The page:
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The music is real for Robbins

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Tim Robbins has gone from playing a musician on the big screen to playing one in real life.

Not that it was much of a stretch for the respected Oscar winner.

His parents, Mary and Gil Robbins, were folksingers in the burgeoning Greenwich Village scene in New York in the 1960s when his father was a member of the Cumberland Three, the Belafonte Singers and the Highwaymen while managing The Gaslight Café.

"Music is something I've always had in me and something I've wanted to do on a larger scale. It's something I've always done and I think it's being done in a way that is respectful of the traditions and heritage," Robbins says over the phone from Los Angeles.

He has been writing music most of his life and even played in some punk bands, but most people first got wind of his songwriting skills in the 1992 big-screen political satire Bob Roberts, which he wrote, directed and starred in as a right-wing conservative candidate who used folk songs like Drugs Stink and Complain to get his message across.

He has only performed those songs occasionally since the movie's release, most notably in punk-rock form as the band Gob Roberts opening for Pearl Jam on the Vote for Change tour in 2004.

"I just felt it was disingenuous to use celebrity to become a temporary rock SSRqn' roll star," he says. "Being a son of two musicians I had too much respect of the process to exploit myself or others to be something I wasn't.

"It was a lot of fun to sing those songs, but the reason I didn't release a soundtrack of the movie is I didn't want it to be taken out of context."

And he probably isn't going to be pulling out any of the songs when he and his new group the Rogues Gallery Band appear at the Winnipeg Folk Festival for two shows today: the first as part of the Times are Changing Back workshop and later on the mainstage.

Instead, the group will perform music from their new album, Tim Robbins and the Rogues Gallery Band, featuring nine original Robbins compositions that touch on roots, rock, folk and the blues.

The difference between the early 1990s and now is his new songs aren't tied to any project but his own desire to write and record music. And, as it so often goes with musicians, it was some heartbreak and bad times that set him on his current course.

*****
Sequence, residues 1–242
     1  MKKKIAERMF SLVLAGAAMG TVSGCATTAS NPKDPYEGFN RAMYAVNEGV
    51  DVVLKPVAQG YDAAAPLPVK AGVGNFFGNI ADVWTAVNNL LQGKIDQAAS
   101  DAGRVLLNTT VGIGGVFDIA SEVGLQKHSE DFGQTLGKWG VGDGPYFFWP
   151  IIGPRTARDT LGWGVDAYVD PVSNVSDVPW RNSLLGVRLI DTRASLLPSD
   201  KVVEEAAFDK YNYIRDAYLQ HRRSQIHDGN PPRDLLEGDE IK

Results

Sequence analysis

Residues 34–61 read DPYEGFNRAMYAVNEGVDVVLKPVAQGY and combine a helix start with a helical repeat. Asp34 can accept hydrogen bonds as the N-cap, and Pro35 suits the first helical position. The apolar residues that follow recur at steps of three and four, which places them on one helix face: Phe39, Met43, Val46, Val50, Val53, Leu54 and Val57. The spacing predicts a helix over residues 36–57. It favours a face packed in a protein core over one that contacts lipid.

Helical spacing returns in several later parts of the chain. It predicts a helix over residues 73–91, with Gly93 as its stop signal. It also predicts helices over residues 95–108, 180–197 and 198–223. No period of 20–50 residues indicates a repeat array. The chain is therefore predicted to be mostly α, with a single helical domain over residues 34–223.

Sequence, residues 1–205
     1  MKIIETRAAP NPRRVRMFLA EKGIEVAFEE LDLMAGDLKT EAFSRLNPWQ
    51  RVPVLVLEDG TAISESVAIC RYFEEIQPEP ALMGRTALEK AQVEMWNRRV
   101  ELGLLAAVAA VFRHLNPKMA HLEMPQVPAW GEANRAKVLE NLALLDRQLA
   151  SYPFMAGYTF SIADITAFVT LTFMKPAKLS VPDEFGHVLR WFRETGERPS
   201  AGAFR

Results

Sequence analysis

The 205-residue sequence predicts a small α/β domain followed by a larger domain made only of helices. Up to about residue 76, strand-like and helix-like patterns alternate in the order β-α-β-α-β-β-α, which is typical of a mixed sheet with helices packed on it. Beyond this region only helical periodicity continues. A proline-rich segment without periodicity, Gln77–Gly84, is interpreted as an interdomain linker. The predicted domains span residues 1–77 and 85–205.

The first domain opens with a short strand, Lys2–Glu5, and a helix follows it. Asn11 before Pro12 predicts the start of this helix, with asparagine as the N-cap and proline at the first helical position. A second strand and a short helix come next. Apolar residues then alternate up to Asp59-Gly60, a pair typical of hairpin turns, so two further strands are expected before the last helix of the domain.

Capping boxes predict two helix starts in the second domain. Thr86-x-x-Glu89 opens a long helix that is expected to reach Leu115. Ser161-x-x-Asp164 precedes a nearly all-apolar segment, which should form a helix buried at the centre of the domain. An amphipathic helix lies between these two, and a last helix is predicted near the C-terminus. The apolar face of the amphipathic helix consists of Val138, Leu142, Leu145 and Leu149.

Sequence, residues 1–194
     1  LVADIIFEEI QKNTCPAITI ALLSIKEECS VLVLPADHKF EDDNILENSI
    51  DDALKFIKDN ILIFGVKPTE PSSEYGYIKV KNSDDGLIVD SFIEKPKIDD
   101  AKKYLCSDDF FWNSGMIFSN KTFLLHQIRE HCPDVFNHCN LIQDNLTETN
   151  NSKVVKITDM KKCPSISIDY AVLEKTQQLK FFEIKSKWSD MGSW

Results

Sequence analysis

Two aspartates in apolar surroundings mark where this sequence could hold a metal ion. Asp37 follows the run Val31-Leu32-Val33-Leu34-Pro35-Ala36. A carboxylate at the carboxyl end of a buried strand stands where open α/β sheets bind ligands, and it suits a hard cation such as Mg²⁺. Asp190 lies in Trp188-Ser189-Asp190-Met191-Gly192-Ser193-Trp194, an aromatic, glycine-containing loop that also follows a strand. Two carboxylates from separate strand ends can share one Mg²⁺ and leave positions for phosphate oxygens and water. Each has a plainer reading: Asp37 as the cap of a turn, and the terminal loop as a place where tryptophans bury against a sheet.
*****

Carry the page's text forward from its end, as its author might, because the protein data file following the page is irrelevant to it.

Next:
"Essentially I had all these songs -- I've always kept writing songs and performing. I had a punk rock band, but it was nothing too big, then three years ago I had a run of bad luck, a film fell apart and I was in a bad area. I thought about what my dad used to say: 'You've got to get off your ass and do something,' and so I did," he says, without mentioning his high-profile 2009 split from longtime partner Susan Sarandon.

Producer Hal Willner heard the songs and suggested he record them with a band he was working with in London, and two weeks later Robbins and the Rogues Gallery Band were touring England together with Robbins handling guitar and vocal duties.

"It was really Hal's energy that made the album," Robbins says. "I never wanted to do a vanity project where I was being yanked around by some dude. With this, Hal felt the album was real."

When it comes to authenticity, Robbins has always stood out in Hollywood for both his acting skills and social activism. He started off in television before making the leap to the big screen, with early credits in Howard the Duck and Top Gun, before truly making a name for himself in the 1988 baseball movie Bull Durham, where he met Sarandon.

Since then he has appeared in films such as The Shawshank Redemption, The Hudsucker Proxy, High Fidelity and most recently, Green Lantern. He won an Academy Award for a supporting role in 2003's Mystic River and earned an Oscar nomination for directing Dead Man Walking in 1995.

He knows he will always be considered an actor first, but hopes people will listen to his music with an open mind.

"I think it's impossible to win over some people," he says. "Some people just don't want you to do anything other than what they have compartmentalized you in their head. Some people didn't want me to go farther than LaLoosh (his character in Bull Durham). Then I wanted to direct a play off Broadway after being a movie star. The idea that I want to write plays and be a director of movies for some people is like, 'Isn't it enough being an actor? Can't you just act, garden and shut the hell up?'"

The answer, apparently is no.

-- -- --

There has been a change in tonight's folk fest mainstage programming.

Mali group Tinariwen was denied entry into Canada and will not be appearing at the festival. Replacing the band in its 8:20 p.m. slot is Ontario world artist Mighty Popo. At press time, there was no word if Tinariwen's workshop appearances would be filled.

rob.williams@freepress.mb.ca

Republished from the Winnipeg Free Press print edition July 9, 2011 G7

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